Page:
Meanwhile, Becker defeated Cédric Pioline of France in a thunderous quarterfinal, 6-3, 6-1, 6-7, 6-7, 9-7. Then he took down the tournament darling, Agassi.
Becker used to strive to be older than his years, but now he seems to be trying to recapture his youth. In Bollettieri he hired a coach known for his motivational skills, which Becker said Bollettieri applied by chasing "me out of bed and onto the practice court." The result was the sort of run that used to be routine for him. When Becker defeated Pioline, he left the court with his finger in the air and a light in his eyes. "If I had lost that one...," he said to Bollettieri. Then he went out and dispatched Agassi.
Normally, Agassi's failure to reach the final would have been viewed as a national tragedy here, such is the British liking for his iconoclasm and star quality. He and girlfriend Brooke Shields dodged the tabloids by dining in their rented home on food catered by Planet Hollywood, or snuck into the restaurant for back room screenings of Crimson Tide and Apollo 13. His baggy garb, shirt and shorts flapping about his knees—"Nothing fits except his head rag and his shoes," Pam Shriver remarked—became an instant trend. "Are you aware that your shorts are see-through?" one tabloid reporter asked. "Obviously, you are," Agassi said.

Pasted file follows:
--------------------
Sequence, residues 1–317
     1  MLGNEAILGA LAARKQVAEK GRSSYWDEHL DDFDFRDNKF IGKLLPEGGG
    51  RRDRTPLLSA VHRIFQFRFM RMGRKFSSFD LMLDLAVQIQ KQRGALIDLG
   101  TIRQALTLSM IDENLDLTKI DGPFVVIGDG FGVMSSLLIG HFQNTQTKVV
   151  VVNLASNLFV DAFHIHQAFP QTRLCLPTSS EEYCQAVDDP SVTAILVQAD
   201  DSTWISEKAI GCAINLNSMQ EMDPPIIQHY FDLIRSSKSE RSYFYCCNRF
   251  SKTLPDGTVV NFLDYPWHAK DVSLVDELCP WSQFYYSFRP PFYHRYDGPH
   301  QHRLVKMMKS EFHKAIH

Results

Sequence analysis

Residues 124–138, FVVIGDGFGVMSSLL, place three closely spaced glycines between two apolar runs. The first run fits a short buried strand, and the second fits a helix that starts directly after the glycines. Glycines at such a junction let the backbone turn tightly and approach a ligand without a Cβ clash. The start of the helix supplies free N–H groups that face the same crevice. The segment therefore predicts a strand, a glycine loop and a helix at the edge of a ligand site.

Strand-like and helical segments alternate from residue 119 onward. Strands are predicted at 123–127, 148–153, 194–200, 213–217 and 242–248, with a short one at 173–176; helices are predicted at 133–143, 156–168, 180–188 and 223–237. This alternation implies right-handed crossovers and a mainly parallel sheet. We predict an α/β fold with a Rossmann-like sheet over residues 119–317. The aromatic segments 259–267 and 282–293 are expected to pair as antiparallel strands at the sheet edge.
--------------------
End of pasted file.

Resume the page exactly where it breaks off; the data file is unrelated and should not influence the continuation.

But in Becker, Agassi ran into a player who is a bigger Wimbledon icon than he is, and he disappeared from the tournament as suddenly as had Murphy Jensen. Holding a one-set lead with two service breaks in the second, Agassi grew cocksure and let Becker back in. Then Becker slammed the door on Agassi in a pair of tiebreakers, the little chap able to take only one point in each, as Becker ran out the match 2-6, 7-6, 6-4, 7-6. "There's life in the big bear yet," crowed Bollettieri, who parted acrimoniously with former pupil Agassi two years ago.